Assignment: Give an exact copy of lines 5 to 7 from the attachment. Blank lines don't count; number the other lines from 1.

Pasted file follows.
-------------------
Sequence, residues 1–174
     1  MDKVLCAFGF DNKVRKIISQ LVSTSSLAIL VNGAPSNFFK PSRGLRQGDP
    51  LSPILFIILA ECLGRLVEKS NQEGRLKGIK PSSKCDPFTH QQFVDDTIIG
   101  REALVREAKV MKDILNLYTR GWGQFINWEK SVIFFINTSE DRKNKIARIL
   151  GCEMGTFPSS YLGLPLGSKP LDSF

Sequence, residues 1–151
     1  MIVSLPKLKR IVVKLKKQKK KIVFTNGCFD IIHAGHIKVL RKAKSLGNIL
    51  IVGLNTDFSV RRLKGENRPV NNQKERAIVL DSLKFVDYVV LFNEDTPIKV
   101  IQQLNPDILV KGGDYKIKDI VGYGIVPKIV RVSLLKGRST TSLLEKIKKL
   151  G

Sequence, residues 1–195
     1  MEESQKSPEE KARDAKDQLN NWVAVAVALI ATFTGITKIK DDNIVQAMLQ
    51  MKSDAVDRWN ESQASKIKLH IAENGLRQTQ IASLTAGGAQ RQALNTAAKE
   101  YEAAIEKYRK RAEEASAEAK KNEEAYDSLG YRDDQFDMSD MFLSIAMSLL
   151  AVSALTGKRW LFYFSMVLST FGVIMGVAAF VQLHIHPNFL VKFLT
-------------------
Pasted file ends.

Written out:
   151  GCEMGTFPSS YLGLPLGSKP LDSF

Sequence, residues 1–151
     1  MIVSLPKLKR IVVKLKKQKK KIVFTNGCFD IIHAGHIKVL RKAKSLGNIL